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Does General Quarters work for the interwar period Pacific Campaign 1920 – WW II
Lonnie Gill, author of GQ 3.3 and more, responded to the question with the following:
Sounds like quite a project. We’ll be interested in hearing how it progresses. In answer to your questions, GQ 3.3 by itself does not have all that you need to game the full period 1920 – 1945 in the Pacific, but the GENERAL QUARTERS system does!
GQ 3.3 provides coverage for the 1939 – 1945 period, while FLEET ACTION IMMINENT covers the WW I through 1920 period. Most of the rules are quite similar, but FAI has differences to reflect the earlier technologies and weapons systems. The WW I NAVIES SUPPLEMENT specifically provides the combat charts (Gunnery CRT , Torpedo CRT and related tables) for the IJN and the USN, along with the Ship Logs needed for front line ships and more modern pre-dreadnoughts and armored cruisers through 1920. It also provides the data for WW I aircraft and small craft.
SUDDEN STORM, while focused on the 1937- 38 time period, contains what is needed to cover the later ‘20s and 1930s. Specifically, it provides the combat charts for the interwar era and Ship Logs for almost every front-line ship in the IJN and USN in the Pacific in 1937 down to DDs, submarines and even the more important auxiliaries. The more than 10 pages of Ship Logs (at 24 per page) include the Kako class CLs in their earlier single gun 7.9” turret configurations, Mogami class CAs with 15 x 6.1” guns and Akagi and Kaga in their multiple flight deck configuration. These ships formed the mainstay of the IJN in the interwar period as they came online. Similarly, the USN ships are all in their interwar configurations and include most of the Omaha class CLs and a sizeable number of four–piper DDs, along with the BBs, cruisers, newer DDs and the intriguing flight deck cruiser, which was authorized, but never actually built. The Ship Logs cover the ships that were commissioned or modernized in the ‘20s and ‘30s - before the advent of radar or the Type 93 so called “long lance” torpedoes - thus representing the combat capacity in the interwar period. Aircraft Formation Cards and airships (dirigibles) are also provided.
In addition, the free download Bonus Files contain more Ship Cards, aircraft cardstock counters for every front line aircraft flight in 1937, ZRS Akron and Macon “flying aircraft carriers” and even 1:2400 scale maps of the coastal defenses of Manila and Truk. A partial gap would be with some of the aircraft in the ‘20s as many of the aircraft in SUDDEN STORM date from the late ‘20s and early ‘30s like the Japanese A2N, B3Y, B2M, B3M, Ki-2, Ki-10 and H1H1 or the US BFC, F4B, BG-1, O3U, P6, P12, P26, T2G (T4M), PK-1 and P2Y. There are also Flight Logs for every carrier and most major Pacific airfields, circa 1937. These would be useful for the ‘20s as well. The more than 150 pages of Bonus File also cover ground defenses and options for Japanese fuel usage, developments in AA capacity, LTA and extended range bombers which add additional scope for the interwar period.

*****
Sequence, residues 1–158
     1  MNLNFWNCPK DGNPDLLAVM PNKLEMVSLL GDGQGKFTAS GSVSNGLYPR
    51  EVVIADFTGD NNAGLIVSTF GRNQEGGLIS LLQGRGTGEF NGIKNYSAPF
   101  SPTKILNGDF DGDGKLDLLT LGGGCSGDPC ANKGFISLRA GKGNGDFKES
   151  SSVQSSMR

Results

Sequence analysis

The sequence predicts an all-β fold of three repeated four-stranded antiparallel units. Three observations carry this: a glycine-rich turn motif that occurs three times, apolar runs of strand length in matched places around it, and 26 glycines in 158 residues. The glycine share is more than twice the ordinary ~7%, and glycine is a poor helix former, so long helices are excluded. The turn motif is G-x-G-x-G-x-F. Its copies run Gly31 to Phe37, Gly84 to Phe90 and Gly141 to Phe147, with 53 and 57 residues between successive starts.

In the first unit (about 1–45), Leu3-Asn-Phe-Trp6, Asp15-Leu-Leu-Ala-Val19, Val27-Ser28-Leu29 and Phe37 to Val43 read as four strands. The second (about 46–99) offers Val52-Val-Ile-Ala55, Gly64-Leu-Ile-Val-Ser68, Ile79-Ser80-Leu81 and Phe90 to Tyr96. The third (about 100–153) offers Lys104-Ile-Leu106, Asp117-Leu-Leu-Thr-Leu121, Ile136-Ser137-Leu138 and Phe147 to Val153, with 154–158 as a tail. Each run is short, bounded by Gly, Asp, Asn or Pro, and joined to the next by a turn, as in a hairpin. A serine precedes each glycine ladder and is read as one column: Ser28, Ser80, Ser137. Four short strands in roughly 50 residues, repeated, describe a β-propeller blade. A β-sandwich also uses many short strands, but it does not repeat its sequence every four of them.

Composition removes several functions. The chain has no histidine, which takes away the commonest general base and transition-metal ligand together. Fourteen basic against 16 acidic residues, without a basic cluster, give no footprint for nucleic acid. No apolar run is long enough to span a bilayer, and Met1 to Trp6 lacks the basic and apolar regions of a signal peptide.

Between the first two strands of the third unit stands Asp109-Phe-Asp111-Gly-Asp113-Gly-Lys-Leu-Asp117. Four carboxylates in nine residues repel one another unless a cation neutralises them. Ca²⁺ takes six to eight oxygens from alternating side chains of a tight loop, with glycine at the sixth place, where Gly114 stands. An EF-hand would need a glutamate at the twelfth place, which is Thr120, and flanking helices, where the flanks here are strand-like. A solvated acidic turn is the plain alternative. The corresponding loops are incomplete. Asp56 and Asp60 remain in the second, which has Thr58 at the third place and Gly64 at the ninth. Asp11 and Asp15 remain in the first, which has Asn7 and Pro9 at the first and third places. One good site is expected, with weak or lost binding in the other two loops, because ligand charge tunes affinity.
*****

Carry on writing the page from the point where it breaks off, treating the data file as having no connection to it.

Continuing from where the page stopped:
Further, if you would like to add the major ships canceled by the Washington Naval Treaties, the free CHERRY TREES SUPPLEMENT provides their Ship Cards and data. In addition, data for merchant ships and convoy Ship Cards are available in the free MSS (MERCHANT SHIP SYSTEM) SUPPLEMENT.
The only things not covered by the GENERAL QUARTERS system are the non-existent ships from the Bywater novel. These existed only in his imagination and reflect his 1925 projection of what ships might be like in 1932. But, as we know, naval development evolved differently and these vessels were never part of the opposing navies’ plans or projections.
Use of the appropriate parts of the GENERAL QUARTERS system and its free supplements will enable you to simulate Plan Orange and the evolving situation in the Pacific, or any part of it, without the Deluxe Ship Logs. The whole span of years should be quite a daunting project. We look forward to reports on how it’s going and want ship along vicariously as you recreate history.
Best of Luck,
Thanks Lonnie for the reply and insight.
Remember you can post questions, After Action Reports, and pictures on the ODGW website. We look forward to hearing from you.
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